A volunteer waits for Pope Francis' arrival to celebrate Mass Feb. 5 at Zayed Sports City Stadium in Abu Dhabi, United Arab Emirates. (CNS/Paul Haring)
Pope Francis sought to fortify the Catholic minority in this Muslim country Feb. 5, encouraging a dynamic but disenfranchised community of migrant workers and housekeepers to "face up to the trials of each day."
In a homily during what was likely the first public celebration of the Mass in the modern era on the Arabian Peninsula, the pope reassured Catholics here that God remembers and cares for them.
"When faced with fresh sorrow or a difficult period, we think we are alone," he told a crowd of some 40,000 inside Abu Dhabi's Zayed sports stadium and another 90,000 participating outside, who followed on jumbotron screens.
"In those moments, where [God] might not intervene immediately, he walks at our side," Francis told the people, who were listening quietly as many clutched white-and-yellow Vatican flags.
"If we continue to go forward, [God] will open up a new way for us," he said, mentioning the difficulty of being away from family. "The Lord specializes in doing new things; he can even open paths in the desert."
Francis was the first pope to come to the Arabian Peninsula, and the first to visit the UAE. He was visiting the country through Feb. 5 to take part in an interreligious conference and to encourage its Catholic faithful, which makes up about a 10th of the 9.3 million population.
Although the UAE is known for being fairly tolerant among its Gulf neighbors, the Christian community, made up primarily of Indian and Filipino workers, faces a number of difficult obstacles.
Because migrants are unable to gain citizenship, and thus unable to buy land, there are only eight parishes for some 900,000 Catholic worshippers. Evangelization is also strictly controlled.
Brandon Vaidyanathan, an Indian sociologist who spent four years of his youth in Dubai and has focused some of his research on the UAE church, said Francis was encountering a Catholic community that lives in a state of "permanent impermanence."
Because migrants have no path to citizenship in the country, anxiety is deep-seated, said Vaidyanathan, associate professor and chair of the department of sociology at the Catholic University of America.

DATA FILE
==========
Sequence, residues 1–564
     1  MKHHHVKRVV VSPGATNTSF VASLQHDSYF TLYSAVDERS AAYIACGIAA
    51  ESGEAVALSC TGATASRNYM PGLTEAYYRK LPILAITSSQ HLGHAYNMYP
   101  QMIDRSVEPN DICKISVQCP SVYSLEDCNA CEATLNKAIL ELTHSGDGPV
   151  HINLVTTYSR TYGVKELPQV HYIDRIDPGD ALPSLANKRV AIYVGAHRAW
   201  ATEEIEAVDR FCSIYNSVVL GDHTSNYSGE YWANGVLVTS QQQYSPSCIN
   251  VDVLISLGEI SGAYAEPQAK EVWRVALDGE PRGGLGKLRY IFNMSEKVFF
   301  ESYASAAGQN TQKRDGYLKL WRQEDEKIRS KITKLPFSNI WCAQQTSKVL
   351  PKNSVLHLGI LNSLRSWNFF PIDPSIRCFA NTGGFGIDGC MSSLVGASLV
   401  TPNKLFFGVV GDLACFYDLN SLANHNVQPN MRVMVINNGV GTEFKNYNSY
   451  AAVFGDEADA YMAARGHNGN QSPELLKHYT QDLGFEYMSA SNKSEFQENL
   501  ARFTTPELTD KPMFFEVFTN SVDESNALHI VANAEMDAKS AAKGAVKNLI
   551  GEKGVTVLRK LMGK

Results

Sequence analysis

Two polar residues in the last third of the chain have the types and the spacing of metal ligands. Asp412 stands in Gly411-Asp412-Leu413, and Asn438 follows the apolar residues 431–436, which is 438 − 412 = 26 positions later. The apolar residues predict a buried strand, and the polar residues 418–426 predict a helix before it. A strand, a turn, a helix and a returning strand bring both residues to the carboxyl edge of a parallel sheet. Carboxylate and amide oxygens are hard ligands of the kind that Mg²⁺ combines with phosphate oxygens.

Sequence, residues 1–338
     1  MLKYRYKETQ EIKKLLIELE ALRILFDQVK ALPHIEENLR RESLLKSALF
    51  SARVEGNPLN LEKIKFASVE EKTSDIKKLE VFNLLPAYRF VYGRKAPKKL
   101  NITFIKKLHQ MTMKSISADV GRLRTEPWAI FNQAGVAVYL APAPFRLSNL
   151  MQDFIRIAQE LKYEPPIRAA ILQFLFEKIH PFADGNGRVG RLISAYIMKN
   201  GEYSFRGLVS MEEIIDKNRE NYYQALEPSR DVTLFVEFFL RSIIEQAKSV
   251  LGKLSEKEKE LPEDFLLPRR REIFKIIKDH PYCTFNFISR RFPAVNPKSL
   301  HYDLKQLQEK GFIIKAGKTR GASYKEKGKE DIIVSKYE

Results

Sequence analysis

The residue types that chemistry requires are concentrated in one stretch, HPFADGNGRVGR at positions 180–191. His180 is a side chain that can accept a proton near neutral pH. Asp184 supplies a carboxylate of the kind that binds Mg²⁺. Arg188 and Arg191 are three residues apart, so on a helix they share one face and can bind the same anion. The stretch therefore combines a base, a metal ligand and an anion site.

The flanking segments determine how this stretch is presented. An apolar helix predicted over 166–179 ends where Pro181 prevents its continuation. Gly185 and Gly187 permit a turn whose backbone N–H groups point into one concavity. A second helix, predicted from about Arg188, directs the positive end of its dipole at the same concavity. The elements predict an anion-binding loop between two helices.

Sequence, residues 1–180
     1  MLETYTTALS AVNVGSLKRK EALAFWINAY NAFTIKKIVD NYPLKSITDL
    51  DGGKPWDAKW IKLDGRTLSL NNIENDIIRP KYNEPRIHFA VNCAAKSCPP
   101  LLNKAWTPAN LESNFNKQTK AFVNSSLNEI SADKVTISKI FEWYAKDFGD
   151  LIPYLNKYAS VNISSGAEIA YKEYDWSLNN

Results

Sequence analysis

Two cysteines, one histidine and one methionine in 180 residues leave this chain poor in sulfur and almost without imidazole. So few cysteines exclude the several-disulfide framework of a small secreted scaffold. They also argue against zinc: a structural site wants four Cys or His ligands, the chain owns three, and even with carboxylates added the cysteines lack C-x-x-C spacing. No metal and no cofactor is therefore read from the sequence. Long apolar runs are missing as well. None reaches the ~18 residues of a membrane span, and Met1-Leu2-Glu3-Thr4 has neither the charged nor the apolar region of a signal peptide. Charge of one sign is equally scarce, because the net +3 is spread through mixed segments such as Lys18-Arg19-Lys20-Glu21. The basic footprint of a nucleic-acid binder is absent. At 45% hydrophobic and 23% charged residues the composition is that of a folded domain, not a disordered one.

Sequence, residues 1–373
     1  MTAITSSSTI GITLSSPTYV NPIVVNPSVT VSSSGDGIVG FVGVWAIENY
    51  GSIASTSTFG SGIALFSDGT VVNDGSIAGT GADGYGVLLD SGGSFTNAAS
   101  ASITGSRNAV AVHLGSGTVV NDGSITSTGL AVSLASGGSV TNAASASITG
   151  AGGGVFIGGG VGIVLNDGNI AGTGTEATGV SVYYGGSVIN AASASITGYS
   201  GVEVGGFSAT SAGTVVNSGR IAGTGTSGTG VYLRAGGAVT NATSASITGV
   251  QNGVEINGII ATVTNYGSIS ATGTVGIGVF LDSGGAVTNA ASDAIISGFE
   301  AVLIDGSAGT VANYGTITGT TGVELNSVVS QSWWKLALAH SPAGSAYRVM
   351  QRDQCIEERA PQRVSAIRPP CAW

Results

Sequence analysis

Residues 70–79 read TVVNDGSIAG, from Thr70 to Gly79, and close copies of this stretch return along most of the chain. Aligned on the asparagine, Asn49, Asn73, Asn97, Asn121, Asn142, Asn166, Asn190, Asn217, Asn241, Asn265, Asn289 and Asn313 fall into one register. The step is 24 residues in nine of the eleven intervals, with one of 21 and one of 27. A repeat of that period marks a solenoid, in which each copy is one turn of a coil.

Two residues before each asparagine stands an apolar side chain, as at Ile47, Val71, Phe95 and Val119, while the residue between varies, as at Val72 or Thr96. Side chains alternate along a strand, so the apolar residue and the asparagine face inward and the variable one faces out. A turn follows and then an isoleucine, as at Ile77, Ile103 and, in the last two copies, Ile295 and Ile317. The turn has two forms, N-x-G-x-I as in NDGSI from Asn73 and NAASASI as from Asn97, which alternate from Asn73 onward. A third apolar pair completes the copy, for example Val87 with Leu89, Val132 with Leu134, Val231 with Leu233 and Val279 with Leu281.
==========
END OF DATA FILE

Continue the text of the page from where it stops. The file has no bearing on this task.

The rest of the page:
"The anxiety of just not knowing — five years from now will I be allowed to stay in this country, or will they cancel my visa? — it is precarious," he said.
"It's an unusual way of living the sense of being pilgrims and sojourners," he said. "You know you're in a foreign land and you're not at home, and in some sense you're not wanted. That's a deep part of the psyche of someone in that environment."
Although the celebration of the Mass Feb. 5 was marked by an atmosphere of intense silence, the crowds were boisterous and loud beforehand. Prompted by an emcee to shout for Francis, many screamed "viva il papa" as the pope toured the stadium in a popemobile.
Francis reflected in his homily on Matthew's account of Jesus giving the Beatitudes. He called the eight blessings a "roadmap" for the Christian life.
"They invite us to keep our hearts pure, to practice meekness and justice despite everything, to be merciful to all, to live affliction in union with God," he said. "This is the holiness of daily life, one that has no need of miracles or of extraordinary signs."
Pope Francis greets the crowd as he arrives to celebrate Mass Feb. 5 at Zayed Sports City Stadium in Abu Dhabi, United Arab Emirates. (CNS/Paul Haring)
The prayers of the faithful at the Mass were said in six languages: Korean, Konkani, French, Tagalog, Urdu and Malayalam.
The Tagalog prayer asked that God would "bless all the migrants and workers that live in these lands: that their sacrifice and their commitment might blossom and sustain their families."
UAE authorities have sought to emphasize their country's tolerance of various religious communities. In one sign of such efforts, organizers said that about 4,000 Muslims attended the Feb. 5 Mass.
Earlier in his visit to the UAE, Francis had urged religious leaders to renounce all forms of support for violence.
In an address to hundreds of Muslim, Christian, Jewish, Hindu, Buddhist, and Sikh representatives at an interreligious conference Feb. 4, the pope called it a "duty" of the world's faiths to reject "every nuance of approval" for war.
[Joshua J. McElwee is NCR Vatican correspondent. His email address is firstname.lastname@example.org. Follow him on Twitter: @joshjmac.]